How College Students Can Find a Silver Lining in a Pandemic
Adversity can increase savoring, teach coping skills, and build resilience.
Posted Aug 24, 2020
As a professor and as the mom of two college students - one a senior doing remote learning away from his school this fall, the other a sophomore living on campus but taking both live and on-line classes this fall - I’ve approached the start of the fall semester with some trepidation. And of course I’m far from alone in having such concerns.
Much has been written over the past few weeks about the move to on-line learning and what may be lost in the process. But research in psychology tells us that experiencing difficult life events – and a global pandemic certainly counts – can actually lead to substantial benefits. In fact, people who have experienced a stressful life event - a divorce, death of a loved one, serious illness, or natural disaster – tend to be better equipped for life and happier than those who haven’t experienced any major stressors.
How can that be? One explanation is that those who have really struggled are better able to appreciate the simple pleasures of life. Researchers at the University of British Columbia first asked nearly 15,000 people to rate how much they tended to savor positive experiences. For example, you might savor a chocolate bar by imagining how good it will taste, taking very small bites, and really concentrating on how fabulous it feels in your mouth. They then asked people how many adverse events they had experienced. Those who were still in the midst of struggling with a divorce or severe illness or injury reported a lower ability to savor positive experiences. But those who had made it through reported higher levels of savoring. This tells us that experiencing—and overcoming—negative life experiences can actually increase our ability to enjoy simple pleasures. So, college students may come to better appreciate the joy of spending time with a friend in person - even while wearing a mask - or participating in a class discussion - even via Zoom.
Research points to the fact that adversity can actually increase resilience, the ability to respond to negative experiences in a productive way. Stressful experiences can help immunize people against future stressors, and can push them to develop and practice strategies for coping with challenges.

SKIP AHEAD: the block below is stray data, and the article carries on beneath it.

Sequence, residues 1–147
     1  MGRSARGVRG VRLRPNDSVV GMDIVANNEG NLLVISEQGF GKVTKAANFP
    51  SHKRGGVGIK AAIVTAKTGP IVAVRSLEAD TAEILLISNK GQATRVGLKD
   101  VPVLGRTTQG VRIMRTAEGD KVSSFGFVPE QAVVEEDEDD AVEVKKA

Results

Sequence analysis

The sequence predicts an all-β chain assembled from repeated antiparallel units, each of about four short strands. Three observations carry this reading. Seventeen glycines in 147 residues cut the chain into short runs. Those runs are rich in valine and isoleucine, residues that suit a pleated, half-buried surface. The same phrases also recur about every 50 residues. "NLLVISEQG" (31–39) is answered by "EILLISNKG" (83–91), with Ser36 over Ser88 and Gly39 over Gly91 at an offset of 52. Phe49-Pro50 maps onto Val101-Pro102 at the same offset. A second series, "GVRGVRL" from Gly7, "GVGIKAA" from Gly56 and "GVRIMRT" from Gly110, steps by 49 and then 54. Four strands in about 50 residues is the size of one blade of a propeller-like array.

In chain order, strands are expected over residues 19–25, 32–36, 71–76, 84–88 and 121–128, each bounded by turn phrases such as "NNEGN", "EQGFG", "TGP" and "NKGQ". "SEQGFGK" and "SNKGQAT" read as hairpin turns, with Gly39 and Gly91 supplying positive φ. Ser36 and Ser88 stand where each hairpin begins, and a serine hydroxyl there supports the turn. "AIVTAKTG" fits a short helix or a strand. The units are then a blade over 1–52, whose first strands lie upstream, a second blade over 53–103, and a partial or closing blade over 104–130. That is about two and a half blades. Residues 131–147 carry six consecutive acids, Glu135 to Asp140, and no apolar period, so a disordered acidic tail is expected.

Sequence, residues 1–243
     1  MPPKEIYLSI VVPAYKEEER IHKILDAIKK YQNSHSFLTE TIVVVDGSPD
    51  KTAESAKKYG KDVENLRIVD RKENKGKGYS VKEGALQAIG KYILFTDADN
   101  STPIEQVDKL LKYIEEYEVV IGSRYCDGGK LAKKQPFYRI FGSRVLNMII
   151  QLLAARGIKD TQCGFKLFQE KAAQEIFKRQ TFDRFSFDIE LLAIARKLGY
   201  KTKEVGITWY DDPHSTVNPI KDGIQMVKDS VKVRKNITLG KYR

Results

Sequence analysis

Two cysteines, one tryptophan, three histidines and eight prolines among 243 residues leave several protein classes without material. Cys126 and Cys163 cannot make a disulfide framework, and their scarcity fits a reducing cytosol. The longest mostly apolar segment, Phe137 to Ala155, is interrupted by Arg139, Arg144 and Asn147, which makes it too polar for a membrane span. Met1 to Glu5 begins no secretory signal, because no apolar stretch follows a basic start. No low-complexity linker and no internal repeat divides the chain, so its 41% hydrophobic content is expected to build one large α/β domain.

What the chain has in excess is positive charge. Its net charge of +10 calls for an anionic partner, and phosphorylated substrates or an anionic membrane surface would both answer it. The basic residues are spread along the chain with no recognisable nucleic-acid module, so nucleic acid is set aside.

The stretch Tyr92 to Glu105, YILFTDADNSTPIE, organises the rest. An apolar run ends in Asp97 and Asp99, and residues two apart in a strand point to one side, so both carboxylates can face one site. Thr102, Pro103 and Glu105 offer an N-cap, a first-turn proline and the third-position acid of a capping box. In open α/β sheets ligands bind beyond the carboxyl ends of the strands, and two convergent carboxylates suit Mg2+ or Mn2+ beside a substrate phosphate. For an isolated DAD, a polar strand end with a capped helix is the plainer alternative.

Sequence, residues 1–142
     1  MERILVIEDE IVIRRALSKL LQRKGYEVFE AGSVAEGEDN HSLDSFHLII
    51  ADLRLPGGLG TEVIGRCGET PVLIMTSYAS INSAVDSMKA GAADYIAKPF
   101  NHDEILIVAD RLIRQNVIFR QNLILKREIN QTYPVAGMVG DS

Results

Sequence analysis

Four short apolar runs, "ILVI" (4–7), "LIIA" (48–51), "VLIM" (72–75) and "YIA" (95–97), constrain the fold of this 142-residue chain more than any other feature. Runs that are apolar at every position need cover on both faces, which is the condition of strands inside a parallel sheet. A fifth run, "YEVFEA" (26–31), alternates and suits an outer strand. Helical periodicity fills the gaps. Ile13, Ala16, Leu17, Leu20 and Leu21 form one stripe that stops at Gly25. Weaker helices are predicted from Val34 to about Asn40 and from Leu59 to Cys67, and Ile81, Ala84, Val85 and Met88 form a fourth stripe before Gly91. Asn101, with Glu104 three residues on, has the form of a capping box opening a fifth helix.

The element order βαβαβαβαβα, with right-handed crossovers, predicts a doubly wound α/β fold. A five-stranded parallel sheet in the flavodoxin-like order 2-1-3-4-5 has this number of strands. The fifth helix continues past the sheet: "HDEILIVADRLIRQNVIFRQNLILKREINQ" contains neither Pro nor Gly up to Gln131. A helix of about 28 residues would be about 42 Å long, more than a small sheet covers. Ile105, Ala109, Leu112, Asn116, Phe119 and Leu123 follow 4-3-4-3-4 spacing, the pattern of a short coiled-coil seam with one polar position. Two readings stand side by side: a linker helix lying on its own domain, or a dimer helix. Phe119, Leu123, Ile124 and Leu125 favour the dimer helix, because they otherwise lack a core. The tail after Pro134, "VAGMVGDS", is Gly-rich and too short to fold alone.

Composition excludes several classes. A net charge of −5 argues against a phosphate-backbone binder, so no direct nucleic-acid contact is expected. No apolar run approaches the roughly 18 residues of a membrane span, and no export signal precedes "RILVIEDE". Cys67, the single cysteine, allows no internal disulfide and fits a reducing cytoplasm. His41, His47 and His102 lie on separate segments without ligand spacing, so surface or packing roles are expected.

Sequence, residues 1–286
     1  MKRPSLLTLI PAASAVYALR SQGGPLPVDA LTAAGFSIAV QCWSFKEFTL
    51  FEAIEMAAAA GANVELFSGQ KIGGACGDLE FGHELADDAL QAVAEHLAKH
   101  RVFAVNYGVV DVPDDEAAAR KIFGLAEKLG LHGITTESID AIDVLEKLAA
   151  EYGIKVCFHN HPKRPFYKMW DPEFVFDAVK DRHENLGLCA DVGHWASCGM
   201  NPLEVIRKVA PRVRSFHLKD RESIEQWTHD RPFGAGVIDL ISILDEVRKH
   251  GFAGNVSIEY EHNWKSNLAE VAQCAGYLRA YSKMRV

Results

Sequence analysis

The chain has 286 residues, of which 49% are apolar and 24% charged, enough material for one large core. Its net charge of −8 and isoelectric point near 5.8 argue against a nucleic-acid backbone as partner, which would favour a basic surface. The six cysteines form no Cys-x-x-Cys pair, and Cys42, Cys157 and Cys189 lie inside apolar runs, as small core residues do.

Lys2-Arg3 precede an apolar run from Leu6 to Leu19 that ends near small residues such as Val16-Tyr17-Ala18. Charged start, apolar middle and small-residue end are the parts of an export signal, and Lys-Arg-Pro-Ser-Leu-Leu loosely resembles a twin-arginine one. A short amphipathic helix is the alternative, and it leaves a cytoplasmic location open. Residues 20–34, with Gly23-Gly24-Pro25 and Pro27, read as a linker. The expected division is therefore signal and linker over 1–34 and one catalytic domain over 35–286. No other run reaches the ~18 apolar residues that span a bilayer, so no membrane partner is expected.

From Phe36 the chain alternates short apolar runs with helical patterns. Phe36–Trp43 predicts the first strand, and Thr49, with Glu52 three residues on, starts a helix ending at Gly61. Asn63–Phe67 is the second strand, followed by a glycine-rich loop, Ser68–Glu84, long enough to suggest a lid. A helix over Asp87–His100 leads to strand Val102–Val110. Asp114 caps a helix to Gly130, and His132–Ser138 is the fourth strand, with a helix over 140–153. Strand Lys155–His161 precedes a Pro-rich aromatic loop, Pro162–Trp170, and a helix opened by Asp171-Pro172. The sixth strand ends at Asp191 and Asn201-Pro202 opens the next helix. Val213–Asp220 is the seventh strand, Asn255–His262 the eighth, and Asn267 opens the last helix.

Now, an essential question is whether greater resilience is possible for all students – or only some. It’s certainly true that those who naturally approach life’s challenges with an optimistic mindset will be more likely to find value in this pandemic. But we can all learn to engage in thoughts and behaviors that help us develop greater resilience, no matter our natural tendency. How? As the American Psychological Association points out, increasing resilience is like building a muscle – it takes time and effort.
Here are strategies we can use to help students come out of this pandemic with greater resilience – both by modeling these strategies ourselves and by helping our children adopt good strategies themselves.
First, practice self-compassion. Some people obsess about and ruminate when bad things happen – and it’s certainly easy to get in this negative mindset these days. But people who keep things in perspective have lower levels of anxiety and depression and feel happier and more optimistic overall about the future. So, help students acknowledge their loss, and encourage them to cut themselves a break. Maybe that means taking a class for a “pass” instead of a letter grade, or writing a decent instead of excellent paper. For ourselves, maybe that means acknowledging we won’t use this pandemic as a time to write that best-selling novel or reorganize the basement.
Second, set and maintain a routine. Uncertainty is hard for us all – and there’s much that we don’t know and can’t know, including – most importantly – if and when things return to normal. But what we can control is our daily lives, and exerting that control helps us feel happier. Create and follow some routine, including exercise, meals, work blocks, and relaxation time. Reliable schedules and routines give us a sense of structure and normality, which help reduce anxiety during this unsettled time.
Third, cope your way. There’s a measure used in psychology that categorizes people into “monitors” – who thrive on hearing all about potential health threats – and “blunters” – who instead avoid and minimize such threats. Neither approach is good or bad. Instead, people feel better when they use the approach that fits their preference. So, figure out if you want to follow the daily COVID-19 rates in your state and latest political polls, or prefer to turn off these updates and stay blissfully ignorant – and respect the choices made by others.
It’s easy – as a professor trying to help my own students cope with this new normal and a mom trying to support my own sons – to focus on what’s been lost this year: that semester in Italy, a sports season, a summer internship. But let’s focus instead on the potential gains. My hope is that this pandemic is teaching college students some very important life skills, and that they will return to college - either in person or remote - this fall as kinder, more resourceful, and more resilient.